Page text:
Case study: The VicHealth Salt Reduction Partnership
"This partnership is the result of successful translation of research into policy and practice."
Australians are currently consuming on average 8 to 9 grams of salt a day, more than the World Health Organization’s recommended daily intake of 5g. This excess salt is a major cause of health issues like high blood pressure, which in turn is a risk factor for the world’s single biggest killer: cardiovascular disease.
Australia and other WHO Member States have committed to reducing this average salt intake by 30% by 2025. However, Federal government action to date has been limited.
What did The George Institute do?
In 2014, the WHO Collaborating Centre on Population Salt Reduction, headed by The George Institute’s Dr Jacqui Webster, was commissioned to review the evidence for state-led salt reduction initiatives and highlight the opportunities for action.
“Based on this report’s recommendations, the Victorian Health Promotion Foundation (VicHealth) established the VicHealth Salt Reduction Partnership, a state-led salt reduction initiative to reduce Victorians’ average salt intake. Achieving the WHO targets in Victoria would prevent around 800 deaths and the same number of non-fatal events across the state each year,” said Dr Webster.
This partnership includes VicHealth, The George Institute, Deakin University, the Heart Foundation, Baker IDI, Kidney Health and the National Stroke Foundation, representing a broad coalition of government, research and health advocacy organisations.
Results and success
“This partnership is the result of successful translation of research into policy and practice. The review of evidence for state-led action on salt reduction has resulted in a strategic partnership group leading a multifaceted salt reduction intervention implemented throughout Victoria,” said Dr Webster.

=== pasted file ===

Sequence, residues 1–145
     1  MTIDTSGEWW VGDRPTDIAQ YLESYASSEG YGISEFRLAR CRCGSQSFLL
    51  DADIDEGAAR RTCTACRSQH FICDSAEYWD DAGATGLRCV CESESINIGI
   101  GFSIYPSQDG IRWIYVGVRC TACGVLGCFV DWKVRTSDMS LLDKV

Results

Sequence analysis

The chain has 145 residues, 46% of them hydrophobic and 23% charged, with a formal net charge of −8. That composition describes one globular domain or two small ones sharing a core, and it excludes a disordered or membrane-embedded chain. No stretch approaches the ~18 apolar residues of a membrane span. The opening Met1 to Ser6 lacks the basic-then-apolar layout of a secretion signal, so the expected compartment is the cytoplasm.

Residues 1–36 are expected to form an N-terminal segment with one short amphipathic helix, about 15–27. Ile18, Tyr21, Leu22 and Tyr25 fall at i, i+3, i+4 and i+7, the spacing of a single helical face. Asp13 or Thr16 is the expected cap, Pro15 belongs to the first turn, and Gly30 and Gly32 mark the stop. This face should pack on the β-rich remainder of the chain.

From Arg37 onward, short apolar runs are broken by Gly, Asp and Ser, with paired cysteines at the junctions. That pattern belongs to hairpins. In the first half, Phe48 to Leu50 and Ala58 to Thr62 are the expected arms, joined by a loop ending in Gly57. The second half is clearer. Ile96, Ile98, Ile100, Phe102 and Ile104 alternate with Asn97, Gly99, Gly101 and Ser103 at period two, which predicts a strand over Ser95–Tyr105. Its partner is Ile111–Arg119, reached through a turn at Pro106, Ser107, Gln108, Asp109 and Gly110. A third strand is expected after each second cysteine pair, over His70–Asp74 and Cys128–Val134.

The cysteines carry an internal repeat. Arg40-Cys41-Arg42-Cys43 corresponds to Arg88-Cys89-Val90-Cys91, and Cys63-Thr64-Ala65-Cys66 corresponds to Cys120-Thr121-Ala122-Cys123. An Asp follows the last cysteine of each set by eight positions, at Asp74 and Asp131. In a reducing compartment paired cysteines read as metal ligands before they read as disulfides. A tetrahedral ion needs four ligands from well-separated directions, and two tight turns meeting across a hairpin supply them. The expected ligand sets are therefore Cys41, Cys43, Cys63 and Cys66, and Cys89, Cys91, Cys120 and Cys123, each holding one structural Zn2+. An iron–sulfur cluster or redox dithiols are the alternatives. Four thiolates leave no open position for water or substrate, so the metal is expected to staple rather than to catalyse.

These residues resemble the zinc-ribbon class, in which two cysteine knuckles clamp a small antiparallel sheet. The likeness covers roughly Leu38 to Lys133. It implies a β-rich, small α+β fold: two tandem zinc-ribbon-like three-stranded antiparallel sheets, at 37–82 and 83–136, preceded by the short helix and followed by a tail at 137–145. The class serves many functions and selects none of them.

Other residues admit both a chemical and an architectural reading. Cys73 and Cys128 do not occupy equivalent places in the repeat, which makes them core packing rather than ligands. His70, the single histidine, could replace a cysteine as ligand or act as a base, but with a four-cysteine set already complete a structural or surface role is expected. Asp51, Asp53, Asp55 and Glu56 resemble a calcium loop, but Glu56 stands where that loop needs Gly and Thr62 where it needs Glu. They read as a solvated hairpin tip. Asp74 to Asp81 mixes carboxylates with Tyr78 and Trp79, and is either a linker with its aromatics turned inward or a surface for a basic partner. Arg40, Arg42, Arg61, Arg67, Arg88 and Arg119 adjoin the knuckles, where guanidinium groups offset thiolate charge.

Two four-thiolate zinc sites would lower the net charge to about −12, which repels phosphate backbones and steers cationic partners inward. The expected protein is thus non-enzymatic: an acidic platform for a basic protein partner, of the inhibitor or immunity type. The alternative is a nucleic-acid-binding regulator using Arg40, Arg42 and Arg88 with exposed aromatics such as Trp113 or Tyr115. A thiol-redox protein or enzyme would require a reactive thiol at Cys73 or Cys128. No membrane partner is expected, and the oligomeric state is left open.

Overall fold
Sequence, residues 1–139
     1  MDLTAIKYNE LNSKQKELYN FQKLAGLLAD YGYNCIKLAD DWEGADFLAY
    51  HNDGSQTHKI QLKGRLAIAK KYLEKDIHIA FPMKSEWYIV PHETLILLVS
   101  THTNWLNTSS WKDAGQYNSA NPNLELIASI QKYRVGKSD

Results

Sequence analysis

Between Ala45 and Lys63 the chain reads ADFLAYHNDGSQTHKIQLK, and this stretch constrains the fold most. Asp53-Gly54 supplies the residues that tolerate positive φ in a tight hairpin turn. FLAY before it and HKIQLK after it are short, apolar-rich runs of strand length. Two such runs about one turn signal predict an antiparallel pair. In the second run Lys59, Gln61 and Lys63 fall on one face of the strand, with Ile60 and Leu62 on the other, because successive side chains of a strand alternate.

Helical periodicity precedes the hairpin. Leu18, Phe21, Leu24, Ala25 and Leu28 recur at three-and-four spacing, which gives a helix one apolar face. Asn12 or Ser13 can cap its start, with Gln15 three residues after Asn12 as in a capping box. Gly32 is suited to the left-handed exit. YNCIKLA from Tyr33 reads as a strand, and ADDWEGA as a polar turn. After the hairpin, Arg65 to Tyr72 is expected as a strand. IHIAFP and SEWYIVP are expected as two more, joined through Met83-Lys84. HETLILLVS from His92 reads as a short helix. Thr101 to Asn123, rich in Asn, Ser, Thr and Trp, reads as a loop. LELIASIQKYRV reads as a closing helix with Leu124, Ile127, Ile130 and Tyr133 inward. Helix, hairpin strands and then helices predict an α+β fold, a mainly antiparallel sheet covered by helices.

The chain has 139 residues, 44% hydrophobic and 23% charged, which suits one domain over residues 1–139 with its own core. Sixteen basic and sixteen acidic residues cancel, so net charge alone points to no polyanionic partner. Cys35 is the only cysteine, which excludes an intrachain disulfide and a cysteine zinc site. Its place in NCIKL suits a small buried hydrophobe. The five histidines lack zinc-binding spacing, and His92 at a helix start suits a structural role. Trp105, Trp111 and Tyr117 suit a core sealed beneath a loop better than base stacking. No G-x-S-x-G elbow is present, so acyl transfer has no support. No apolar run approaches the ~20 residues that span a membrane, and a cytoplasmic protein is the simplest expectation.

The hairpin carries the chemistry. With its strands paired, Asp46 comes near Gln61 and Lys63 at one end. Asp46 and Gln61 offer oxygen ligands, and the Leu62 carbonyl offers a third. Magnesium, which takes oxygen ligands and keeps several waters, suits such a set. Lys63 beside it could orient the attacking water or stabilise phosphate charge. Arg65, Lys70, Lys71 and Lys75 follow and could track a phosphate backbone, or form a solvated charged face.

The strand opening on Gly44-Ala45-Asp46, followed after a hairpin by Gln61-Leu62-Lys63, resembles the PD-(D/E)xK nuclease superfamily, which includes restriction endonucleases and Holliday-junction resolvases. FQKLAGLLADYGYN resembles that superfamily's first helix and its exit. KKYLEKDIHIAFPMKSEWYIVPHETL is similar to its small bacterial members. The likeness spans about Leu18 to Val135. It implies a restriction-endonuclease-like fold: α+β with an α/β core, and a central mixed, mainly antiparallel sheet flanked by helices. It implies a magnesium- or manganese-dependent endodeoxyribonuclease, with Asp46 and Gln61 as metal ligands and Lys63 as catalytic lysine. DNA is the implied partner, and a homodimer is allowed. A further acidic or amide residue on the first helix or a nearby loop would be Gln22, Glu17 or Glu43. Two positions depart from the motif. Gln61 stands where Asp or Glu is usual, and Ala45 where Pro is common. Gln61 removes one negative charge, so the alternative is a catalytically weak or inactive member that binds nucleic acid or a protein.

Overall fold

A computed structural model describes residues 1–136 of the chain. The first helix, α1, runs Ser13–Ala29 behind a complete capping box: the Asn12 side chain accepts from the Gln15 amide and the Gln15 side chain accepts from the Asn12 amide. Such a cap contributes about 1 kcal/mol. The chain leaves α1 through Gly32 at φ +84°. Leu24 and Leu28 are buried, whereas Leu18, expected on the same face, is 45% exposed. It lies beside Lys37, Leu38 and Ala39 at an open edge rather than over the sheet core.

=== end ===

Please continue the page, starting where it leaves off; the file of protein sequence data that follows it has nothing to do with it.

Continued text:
“Together we are working to raise public awareness of the health issues caused by eating too much salt; strengthen existing policies to create a supportive environment for lowering salt intake; develop innovative approaches to working with the food industry; and undertake research monitoring and evaluation of reduction initiatives.”
The George Institute has also received a NHMRC partnership grant, led by Professor Bruce Neal, to conduct robust process, cost and outcome evaluations of the intervention, which will help build the evidence for how to reduce salt intake in other states and territories and other countries around the world.
What does the future hold?
“Building on the work and lessons from the VicHealth partnership, The George Institute is now well placed to support other states and territories in their salt reduction initiatives, with the aim of achieving an overall reduction in salt intake across Australia,” said Dr Webster.